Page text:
With the initial transfer of the National Background Investigations Bureau to the Pentagon complete, defense officials say they can turn their attention toward both modernizing the security clearance process and better protecting critical IT systems among cleared industry providers.
The defense and intelligence communities are pivoting from the term “continuous evaluation” to a concept of “continuous vetting,” which the Defense Department and Office of the Director of National Intelligence said will shift the way they monitor and establish trust with federal employees and contractors.
The RAND Corporation estimated government could save as much as $27.8 billion over 25 years by enrolling more security clearances into a sophisticated continuous evaluation program.
The Trump administration is taking another small step to shift functions at the Office of Personnel Management to the General Services Administration.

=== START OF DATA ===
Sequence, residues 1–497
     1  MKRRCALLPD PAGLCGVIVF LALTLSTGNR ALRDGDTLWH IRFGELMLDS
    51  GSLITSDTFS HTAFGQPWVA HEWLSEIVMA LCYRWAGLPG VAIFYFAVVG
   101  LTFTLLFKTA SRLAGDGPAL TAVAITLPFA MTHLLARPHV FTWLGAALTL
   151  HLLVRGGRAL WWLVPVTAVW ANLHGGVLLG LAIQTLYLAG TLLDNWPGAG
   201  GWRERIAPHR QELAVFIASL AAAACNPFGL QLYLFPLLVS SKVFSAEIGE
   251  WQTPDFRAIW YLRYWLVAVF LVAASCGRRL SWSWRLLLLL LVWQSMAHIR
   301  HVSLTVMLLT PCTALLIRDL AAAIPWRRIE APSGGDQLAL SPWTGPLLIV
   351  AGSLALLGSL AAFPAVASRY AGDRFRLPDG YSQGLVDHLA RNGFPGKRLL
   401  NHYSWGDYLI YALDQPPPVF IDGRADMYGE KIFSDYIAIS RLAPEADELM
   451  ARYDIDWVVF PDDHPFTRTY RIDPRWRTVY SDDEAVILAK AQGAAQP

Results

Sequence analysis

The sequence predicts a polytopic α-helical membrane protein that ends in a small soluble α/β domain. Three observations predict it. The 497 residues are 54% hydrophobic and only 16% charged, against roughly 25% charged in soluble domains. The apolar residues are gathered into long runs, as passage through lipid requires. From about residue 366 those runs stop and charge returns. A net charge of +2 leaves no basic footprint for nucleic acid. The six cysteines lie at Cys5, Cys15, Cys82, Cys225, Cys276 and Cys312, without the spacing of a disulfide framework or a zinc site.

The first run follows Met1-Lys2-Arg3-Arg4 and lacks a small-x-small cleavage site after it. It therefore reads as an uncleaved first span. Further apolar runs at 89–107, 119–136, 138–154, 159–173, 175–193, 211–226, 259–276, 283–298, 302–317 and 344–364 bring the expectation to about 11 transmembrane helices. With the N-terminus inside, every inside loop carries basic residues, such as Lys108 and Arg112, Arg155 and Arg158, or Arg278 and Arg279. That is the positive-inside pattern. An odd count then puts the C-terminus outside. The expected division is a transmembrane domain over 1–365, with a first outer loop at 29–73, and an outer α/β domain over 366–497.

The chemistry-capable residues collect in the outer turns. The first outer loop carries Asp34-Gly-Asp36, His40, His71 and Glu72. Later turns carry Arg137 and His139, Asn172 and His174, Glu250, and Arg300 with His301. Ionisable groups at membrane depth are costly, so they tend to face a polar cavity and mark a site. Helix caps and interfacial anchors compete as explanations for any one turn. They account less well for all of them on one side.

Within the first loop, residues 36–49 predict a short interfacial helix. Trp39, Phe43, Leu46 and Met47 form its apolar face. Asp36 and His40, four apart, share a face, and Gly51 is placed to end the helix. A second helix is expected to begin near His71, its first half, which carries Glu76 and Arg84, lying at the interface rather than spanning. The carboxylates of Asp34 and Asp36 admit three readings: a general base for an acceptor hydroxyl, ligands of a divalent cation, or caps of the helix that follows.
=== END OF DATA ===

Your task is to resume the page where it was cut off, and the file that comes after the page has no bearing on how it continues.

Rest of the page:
Progress with the security clearance inventory has put pressure on the Defense Department’s Consolidated Adjudications Facility, which is realigning resources and personnel to work through its own backlog.
New policies aren’t official yet, but defense and intelligence officials say they’re designing the newly renamed Defense Counterintelligence and Security Agency that’s positioned for a more modern era.
The House-passed 2020 defense authorization bill includes paid family leave for federal employees, as well as another legislative attempt to block the Trump administration’s proposed OPM-GSA merger.
GSA has issued a request for information to begin modernization of legacy mainframe hardware at the Office of Personnel Management. The RFI is part of GSA’s Centers of Excellence initiative, which both agencies have agreed to use to advance the merger.
In a letter to acting OPM Director Margaret Weichert, Sens. Gary Peters (D-Mich.) and Patty Murray (D-Wash.) questioned why the administration didn’t warn Congress earlier about the agency’s coming financial challenges.
Industry leaders say up to 10% of their cleared intelligence community workforces are idle at any given time, because they’re waiting for agencies to grant, update or transfer a security clearance, according to the Intelligence and National Security Alliance.